This article first appeared in my column on the investor magazine Equities.com and has been updated since.
Historically, investors looking for potential growth opportunities have hyper-focused on American companies emerging from tech hubs such as Silicon Valley, New York, Boulder and Austin. However nowadays, with early stage valuations on the rise, increasing political instability and possible economic isolation caused by recent elections, it may be time to rethink the original framework for predicting future growth investment spaces.
President Trump’s ‘legacy’, if you want to call it this way, has increasingly isolated the US if not economically, then at least politically. The same goes for post-Brexit UK and also for the parts of continental Europe which are still being held back by increasingly tense social, political and economic climate.
The evolving political climate across the global economy poses multiple questions for investors, startups and strategy departments. Will this have an impact on businesses? How will it have an impact on the engines of our economies, the growth companies, and how it will effect the expansion of future growth markets? And what factors should we look out for when we assess the macro climate?
How Important are Policies?
In retail the mantra is location, location location.
For corporates and large scale global manufacturing companies, location has traditionally been equally important. Companies choose base countries based on factors such as bilateral trade agreements, political climate, tax regulations and access to suppliers. Recent tendencies of protectionist policies, as well as support for certain corporations and potential bilateral treaties might seem extremely influential factors for corporates, who are constantly looking for new market opportunities.
However, when we look at the growth markets of the future, then these factors are less important nowadays. Such policies are meant to support big conglomerates who know how to make themselves heard in the political space. But the time when European or US oligopolies would have a large headstart over their Asian counterparts has passed. During my time in private equity I have seen a fair share of producers of high quality products who seemed to be well protected until Asian competitors ramped up their skillset to produce the same quality at lower costs. And cost is not a criterion that these western companies are able to compete on.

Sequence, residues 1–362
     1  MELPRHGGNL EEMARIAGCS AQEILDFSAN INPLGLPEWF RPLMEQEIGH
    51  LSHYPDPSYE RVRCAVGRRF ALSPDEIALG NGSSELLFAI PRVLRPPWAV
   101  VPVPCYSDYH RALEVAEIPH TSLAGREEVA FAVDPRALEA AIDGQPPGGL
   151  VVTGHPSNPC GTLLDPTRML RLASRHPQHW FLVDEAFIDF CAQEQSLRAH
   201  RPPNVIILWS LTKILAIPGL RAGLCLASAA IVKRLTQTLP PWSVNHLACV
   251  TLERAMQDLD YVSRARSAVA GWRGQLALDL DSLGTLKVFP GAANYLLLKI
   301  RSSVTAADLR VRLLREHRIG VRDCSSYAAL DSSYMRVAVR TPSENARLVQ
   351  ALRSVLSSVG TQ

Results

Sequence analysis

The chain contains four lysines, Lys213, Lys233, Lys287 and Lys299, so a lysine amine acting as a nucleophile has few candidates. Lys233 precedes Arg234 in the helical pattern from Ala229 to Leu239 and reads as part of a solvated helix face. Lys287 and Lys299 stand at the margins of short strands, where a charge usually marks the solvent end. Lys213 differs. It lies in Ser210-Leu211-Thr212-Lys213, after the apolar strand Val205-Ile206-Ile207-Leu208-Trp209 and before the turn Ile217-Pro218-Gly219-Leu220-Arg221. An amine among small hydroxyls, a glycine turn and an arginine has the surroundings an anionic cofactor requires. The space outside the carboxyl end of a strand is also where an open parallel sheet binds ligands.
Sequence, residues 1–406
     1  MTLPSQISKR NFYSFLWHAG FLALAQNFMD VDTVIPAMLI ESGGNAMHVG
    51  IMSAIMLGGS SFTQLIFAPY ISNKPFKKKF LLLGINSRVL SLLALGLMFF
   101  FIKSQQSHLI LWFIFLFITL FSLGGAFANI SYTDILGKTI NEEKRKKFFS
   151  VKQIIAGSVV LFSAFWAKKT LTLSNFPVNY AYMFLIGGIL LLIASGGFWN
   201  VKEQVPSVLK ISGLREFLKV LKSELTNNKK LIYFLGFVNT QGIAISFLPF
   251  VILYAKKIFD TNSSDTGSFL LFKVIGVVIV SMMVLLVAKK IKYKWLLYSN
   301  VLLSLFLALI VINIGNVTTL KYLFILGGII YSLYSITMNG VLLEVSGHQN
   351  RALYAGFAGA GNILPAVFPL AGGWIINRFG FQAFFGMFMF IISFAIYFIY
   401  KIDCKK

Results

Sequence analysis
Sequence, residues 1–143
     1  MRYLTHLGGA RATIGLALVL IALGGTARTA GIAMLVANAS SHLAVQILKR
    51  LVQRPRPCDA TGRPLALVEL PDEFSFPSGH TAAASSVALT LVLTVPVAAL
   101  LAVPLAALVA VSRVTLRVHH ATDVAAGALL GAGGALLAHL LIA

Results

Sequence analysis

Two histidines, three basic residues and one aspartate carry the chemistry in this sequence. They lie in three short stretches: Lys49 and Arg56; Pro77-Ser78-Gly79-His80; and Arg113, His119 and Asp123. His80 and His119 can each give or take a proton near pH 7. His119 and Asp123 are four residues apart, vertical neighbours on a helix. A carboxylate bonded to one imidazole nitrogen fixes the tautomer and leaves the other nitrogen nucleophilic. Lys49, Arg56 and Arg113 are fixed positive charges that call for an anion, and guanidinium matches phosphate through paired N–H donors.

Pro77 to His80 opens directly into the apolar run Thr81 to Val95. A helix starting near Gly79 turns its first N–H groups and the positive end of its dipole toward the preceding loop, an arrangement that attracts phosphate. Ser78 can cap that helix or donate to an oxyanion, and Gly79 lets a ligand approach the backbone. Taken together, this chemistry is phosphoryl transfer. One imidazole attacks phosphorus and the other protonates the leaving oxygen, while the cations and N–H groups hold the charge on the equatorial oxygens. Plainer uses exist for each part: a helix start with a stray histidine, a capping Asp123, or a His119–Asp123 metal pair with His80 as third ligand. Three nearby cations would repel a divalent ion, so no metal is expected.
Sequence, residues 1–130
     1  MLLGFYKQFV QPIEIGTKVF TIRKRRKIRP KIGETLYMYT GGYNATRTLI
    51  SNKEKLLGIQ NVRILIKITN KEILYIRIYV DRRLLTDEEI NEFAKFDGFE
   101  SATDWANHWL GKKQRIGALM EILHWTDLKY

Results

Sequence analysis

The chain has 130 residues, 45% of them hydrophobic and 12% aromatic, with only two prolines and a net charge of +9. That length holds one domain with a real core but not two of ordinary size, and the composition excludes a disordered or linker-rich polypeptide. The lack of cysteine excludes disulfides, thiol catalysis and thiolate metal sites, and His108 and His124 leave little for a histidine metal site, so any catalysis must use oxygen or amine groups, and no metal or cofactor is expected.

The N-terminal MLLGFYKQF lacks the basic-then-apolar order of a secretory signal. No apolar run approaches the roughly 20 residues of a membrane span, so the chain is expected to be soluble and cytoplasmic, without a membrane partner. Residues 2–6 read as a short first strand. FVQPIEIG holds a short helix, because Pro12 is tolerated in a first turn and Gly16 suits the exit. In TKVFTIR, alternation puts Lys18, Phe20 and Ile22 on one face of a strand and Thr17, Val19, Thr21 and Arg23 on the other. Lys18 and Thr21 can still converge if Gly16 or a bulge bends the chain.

If companies want to remain competitive, their competitive advantage needs to stem from innovation. The innovative businesses who create entirely new markets or products are the ones that drive not only competitiveness but also job growth, and so far big corporates haven’t been the ones who excelled at this.
Therefore, if we are searching for new growth markets, the typical demands of a location (bilateral agreements, materials, suppliers) become less important. Highly innovative, technologically advanced companies, especially SAAS enterprises, don’t rely on any of these factors.
Like good wine, Growth Companies need a special turf.
The ‘raw materials’ that keep the cogs turning in forward thinking tech companies are the talent which they bring on board, the bright minds which are constantly inventing, and improving. So while location is important, it is for totally different reasons. The key requirements for these growth companies are not based on trade agreements, or suppliers, but instead proximity to universities, space to grow and scale, and a liberal environment that attracts foreign and homegrown talent
Talent Needs Space and the Right Conditions to Grow:
For innovative growth companies different patterns play out that for corporates. The success factors for countries who compete for economic leadership have changed, too.
In his book Startup Communities, Brad Feld first highlights “Feeders” – these are the essential drivers of startup communities like universities, entrepreneurship programs, VCs, non-profits, government schemes, mentors and investors.
Next to these feeders, access to talent is critical for startups and growth companies. This ranges from skilled developers, designer and marketers, to experienced entrepreneurs and an infrastructure of mentors and investors. Richard Florida refers to this abundance of talent as the creative class, and argues that these educated, highly sought after people want to live in nice places and enjoy a liberal culture with a tolerance for new ideas. Most of all, they want to be around other creative-class individuals, which creates a strong network effect between creative communities.
Network effects mean “being in a place where startups are the cool thing to do and chance meetings with people who can help you.” as Paul Graham writes.
Northeastern University has mapped the intellectual migration network in North America and Europe over a 2,000-year span, illustrating how today’s cultural capitals have emerged.
Here is North America:
…and here is Europe: